I got this book into my hands while researching potential models for human & AI Apprentice cooperation. The wonderful essence of Tom’s book is to imagine how people and computers will interact on a massive scale to create intelligent systems. The author is both a management consultant and organizational theorist, as well as a Professor of Management at the MIT Sloan School of Management. His thinking about the impact of technology and the harnessing of both human and artificial minds make most of our thoughts on that subject seem… infantile.
Quotes and concepts
Here’s my visual depiction of quotes & concepts I listed when thoroughly reading the book:
Core concepts of the book:
- Collective intelligence — the result of groups of individuals acting together in ways that seem intelligent. 3 important factors in this regard are: (a) social perceptiveness (guessing mental states of the other participant), (b) the degree of equal participation and (c) the proportion of women in the group (a higher proportion of women makes the group more intelligent)
- Superintelligence with a formula to recognize it (as a group of individuals, their actions, interconnections and goals with respect to which evaluation can occur)
- Consciousness of groups – the line of reasoning attributing consciousness to corporations such as Apple, calling them superminds, having analogous experiences to what we humans have.
- Integrated Information Theory 3.0 – Due to a lack of any broad scientific consensus about how to measure consciousness, probably the best known and best developed attempt is the Integrated Information Theory. It defines different degrees of consciousness in different systems depending on how the information they process is integrated.
- The origin of the word Robot and its introduction in 1920 by the Czech play R.U.R.: Rossum’s Universal Robot.
- The logic of human destiny – at every stage of human development, there has been a tendency—not an absolute law, but a general tendency—for humans to form larger and larger groups that lead to a net improvement in human welfare.
- General collective intelligence understood as group versatility and adaptability.
- General AI as a form of collective intelligence – A “society of mind” emerges from the interactions of many smaller “agents,” none of which is very intelligent as an individual but all of which, together, create an overall system that is intelligent.
- Smarter Learning and two modes of learning – by Exploitation and Exploration
- Cyber-human learning loops will let machines watch humans prepare more complex returns and gradually learn what actions humans take in different situations. At first, the machines may just suggest actions to humans. Eventually, the machines can just automatically take the actions that humans always approve.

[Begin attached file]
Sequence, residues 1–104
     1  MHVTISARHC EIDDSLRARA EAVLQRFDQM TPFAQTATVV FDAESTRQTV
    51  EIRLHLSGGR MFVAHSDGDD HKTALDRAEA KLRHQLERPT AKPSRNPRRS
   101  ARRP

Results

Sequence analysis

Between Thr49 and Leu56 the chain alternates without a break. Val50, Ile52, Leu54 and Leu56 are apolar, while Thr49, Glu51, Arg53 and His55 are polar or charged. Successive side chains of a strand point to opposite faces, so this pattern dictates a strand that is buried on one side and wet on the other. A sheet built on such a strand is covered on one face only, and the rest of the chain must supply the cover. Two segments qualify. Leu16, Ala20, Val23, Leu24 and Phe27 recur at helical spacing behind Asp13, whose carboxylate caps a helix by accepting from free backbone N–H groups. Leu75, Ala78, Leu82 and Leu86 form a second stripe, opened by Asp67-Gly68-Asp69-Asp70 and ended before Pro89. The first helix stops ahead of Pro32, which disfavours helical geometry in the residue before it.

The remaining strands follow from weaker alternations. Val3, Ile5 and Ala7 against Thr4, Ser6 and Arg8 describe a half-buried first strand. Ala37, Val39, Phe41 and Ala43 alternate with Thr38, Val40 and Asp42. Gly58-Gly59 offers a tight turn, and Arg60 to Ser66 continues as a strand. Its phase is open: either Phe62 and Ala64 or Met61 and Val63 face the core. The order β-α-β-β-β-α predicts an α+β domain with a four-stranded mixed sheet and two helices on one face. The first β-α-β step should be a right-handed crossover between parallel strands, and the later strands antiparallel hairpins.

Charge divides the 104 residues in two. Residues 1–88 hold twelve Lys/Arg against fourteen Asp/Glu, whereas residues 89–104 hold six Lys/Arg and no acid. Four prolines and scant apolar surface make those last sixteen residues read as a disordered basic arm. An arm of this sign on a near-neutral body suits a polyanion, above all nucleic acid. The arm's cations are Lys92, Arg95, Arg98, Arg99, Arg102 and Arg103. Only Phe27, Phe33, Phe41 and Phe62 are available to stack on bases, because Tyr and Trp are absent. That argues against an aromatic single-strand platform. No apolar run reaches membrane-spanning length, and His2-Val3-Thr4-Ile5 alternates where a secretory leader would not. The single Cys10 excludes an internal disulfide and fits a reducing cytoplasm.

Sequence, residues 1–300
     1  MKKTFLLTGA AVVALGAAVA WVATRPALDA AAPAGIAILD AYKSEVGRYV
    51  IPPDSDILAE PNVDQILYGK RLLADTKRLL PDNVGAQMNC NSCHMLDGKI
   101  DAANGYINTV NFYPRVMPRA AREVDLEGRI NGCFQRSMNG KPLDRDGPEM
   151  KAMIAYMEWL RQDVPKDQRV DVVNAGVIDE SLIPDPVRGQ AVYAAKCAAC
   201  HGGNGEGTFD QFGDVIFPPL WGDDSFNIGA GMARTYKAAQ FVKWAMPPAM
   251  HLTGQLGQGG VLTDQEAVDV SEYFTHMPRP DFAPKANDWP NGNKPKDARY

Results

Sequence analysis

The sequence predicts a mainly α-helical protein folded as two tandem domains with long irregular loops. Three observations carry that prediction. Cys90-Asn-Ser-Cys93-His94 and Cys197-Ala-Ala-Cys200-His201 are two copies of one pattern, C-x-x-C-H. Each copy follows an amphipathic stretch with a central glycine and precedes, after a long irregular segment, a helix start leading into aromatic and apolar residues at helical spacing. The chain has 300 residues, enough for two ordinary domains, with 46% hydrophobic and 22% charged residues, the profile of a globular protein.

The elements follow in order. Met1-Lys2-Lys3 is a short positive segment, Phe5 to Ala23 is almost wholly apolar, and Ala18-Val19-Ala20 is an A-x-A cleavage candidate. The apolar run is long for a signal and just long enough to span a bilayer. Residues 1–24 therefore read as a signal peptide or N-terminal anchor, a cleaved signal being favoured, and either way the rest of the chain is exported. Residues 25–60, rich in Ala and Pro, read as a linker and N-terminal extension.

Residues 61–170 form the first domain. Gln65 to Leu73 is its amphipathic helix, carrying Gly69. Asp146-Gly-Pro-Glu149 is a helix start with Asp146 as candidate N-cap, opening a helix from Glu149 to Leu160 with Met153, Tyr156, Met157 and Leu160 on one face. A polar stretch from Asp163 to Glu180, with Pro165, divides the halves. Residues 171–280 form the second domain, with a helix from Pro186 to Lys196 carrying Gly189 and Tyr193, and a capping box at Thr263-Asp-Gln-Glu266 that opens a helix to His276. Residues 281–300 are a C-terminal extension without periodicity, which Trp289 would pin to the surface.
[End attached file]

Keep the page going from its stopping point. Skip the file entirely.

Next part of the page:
- How differences in structuring intelligent participants (hierarchies, markets and communities) correspond with needs.
- Human and cyber-sensing – letting the machines do the low-level sensing, then letting people do the higher-level reasoning. “Our great-grandchildren may find it hard to understand how the organizations we belong to in the early 21st century could have made so many of their decisions with their eyes—figuratively—closed.”
by Thomas W. Malone
Published: May 2018
Length: 384 pages
Time to read: 9h
- Mar 2, 2021Jeff Hawkins and his team discovered that the brain uses maplike structures to build a model of the world-not just one model, but hundreds of thousands of models of everything we know, and the origin of high-level thought
- Feb 2, 2021“The ultimate guide to using the magical power of funny as a tool for leadership and a force for good.”—Daniel H. Pink, #1 New York Times bestselling author
- Oct 30, 2020How computer scientists and philosophers are defining the biggest question of our time - how will we create intelligent machines that will improve our lives rather than complicate or even destroy them?
- Sep 19, 2020How to integrate data teams into organization in an effective way, enabling executive data science practices.
- Jan 11, 2020An illuminating dive into the latest science on our brain's remarkable learning abilities and the potential of the machines we program to imitate them